“I was reading my Codex the other day.” Clary finished buttoning up the blue wool cardigan she’d changed into. She couldn’t stand to keep on for one more second the sweater she’d been wearing all yesterday, had slept in, and that Sebastian had touched. “And I was thinking. Mundanes kill one another all the time. We—they—have wars, all kinds of wars, and slaughter one another, but this is the first time Nephilim have ever had to kill other Shadowhunters. When Jace and I were trying to convince Robert to let us go through to the Citadel, I couldn’t understand why he was being so stubborn. But I think I kind of get it now. I think he couldn’t believe that Shadowhunters could really pose a threat to other Shadowhunters. No matter what we told them about the Burren.”

Isabelle laughed shortly. “That’s charitable of you.” She pulled her knees up to her chest. “You know, your mom took me to the Adamant Citadel with her. They said I would have made a good Iron Sister.”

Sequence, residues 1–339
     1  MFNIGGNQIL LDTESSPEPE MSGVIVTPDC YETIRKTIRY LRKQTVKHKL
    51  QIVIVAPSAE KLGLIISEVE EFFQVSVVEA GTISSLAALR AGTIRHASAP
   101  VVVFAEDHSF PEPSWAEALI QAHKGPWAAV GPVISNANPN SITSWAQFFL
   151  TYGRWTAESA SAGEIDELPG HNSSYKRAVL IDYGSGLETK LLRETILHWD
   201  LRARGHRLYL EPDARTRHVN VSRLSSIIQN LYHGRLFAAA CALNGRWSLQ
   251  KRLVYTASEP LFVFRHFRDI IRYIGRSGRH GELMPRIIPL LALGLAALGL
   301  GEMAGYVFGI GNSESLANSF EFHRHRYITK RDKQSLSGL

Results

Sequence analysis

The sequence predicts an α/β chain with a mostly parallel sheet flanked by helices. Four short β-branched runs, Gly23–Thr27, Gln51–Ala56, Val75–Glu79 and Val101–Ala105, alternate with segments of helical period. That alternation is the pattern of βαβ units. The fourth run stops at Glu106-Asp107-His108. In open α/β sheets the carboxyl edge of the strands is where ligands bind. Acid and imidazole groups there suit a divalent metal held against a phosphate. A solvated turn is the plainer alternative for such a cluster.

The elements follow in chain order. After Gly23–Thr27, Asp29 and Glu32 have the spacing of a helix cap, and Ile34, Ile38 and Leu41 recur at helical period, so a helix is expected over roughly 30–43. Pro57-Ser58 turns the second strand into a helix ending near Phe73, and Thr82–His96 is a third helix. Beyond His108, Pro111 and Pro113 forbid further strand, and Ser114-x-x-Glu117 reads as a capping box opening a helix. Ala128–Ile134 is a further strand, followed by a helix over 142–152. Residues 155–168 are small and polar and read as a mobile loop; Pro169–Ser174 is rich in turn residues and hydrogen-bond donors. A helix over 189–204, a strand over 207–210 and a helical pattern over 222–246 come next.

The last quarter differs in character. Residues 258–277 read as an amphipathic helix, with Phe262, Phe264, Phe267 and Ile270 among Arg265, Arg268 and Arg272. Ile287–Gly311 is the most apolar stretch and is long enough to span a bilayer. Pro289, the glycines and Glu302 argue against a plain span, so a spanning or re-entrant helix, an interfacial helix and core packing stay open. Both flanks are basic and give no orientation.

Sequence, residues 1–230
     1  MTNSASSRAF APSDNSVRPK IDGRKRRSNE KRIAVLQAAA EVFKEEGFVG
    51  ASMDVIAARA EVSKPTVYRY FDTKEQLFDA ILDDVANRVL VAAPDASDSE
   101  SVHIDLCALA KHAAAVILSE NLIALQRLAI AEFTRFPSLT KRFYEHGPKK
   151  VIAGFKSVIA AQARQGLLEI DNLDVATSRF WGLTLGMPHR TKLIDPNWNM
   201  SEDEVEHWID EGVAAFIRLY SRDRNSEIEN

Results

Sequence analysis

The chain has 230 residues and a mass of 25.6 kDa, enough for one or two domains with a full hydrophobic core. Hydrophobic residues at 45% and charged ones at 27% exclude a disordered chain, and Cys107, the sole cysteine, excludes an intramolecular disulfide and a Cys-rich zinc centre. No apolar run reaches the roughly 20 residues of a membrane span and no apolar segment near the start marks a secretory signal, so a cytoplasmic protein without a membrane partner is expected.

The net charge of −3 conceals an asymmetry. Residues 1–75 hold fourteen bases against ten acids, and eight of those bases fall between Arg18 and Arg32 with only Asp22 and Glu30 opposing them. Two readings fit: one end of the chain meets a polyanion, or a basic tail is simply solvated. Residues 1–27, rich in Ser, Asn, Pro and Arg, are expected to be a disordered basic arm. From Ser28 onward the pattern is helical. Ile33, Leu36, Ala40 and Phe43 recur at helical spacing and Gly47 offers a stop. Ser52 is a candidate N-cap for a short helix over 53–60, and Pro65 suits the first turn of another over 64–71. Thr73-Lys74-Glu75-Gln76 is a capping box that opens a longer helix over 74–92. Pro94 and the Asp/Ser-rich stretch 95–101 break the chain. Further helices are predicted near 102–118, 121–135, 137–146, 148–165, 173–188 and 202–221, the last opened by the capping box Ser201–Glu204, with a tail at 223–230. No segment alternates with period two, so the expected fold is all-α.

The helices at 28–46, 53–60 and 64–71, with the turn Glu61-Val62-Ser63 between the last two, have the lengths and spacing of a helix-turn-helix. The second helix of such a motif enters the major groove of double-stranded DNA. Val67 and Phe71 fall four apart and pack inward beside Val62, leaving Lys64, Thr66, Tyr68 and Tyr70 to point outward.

“I saw them at the battle,” said Clary. “The Sisters. They were beautiful. And scary. Like looking at fire.”

“But they can’t get married. They can’t be with anyone. They live forever, but they don’t—they don’t have lives.” Isabelle rested her chin on her knees.

“There’s all different ways of living,” said Clary. “And look at Brother Zachariah—”

Isabelle glanced up. “I heard my parents talking about him on the way to the Council meeting today,” she said. “They said what happened to him was a miracle. I’ve never heard of anyone ending being a Silent Brother before. I mean they can die, but reversing the spells, it shouldn’t be possible.”

“A lot of things shouldn’t be possible,” Clary said, raking her fingers through her hair. She wanted a shower, but she couldn’t bear the thought of standing there alone, under the water. Thinking about her mother. About Luke. The idea of losing either of them, never mind both of them, was as terrifying as the idea of being abandoned out at sea: a tiny speck of humanity surrounded by miles of water around and below, and empty sky above. Nothing to moor her to earth.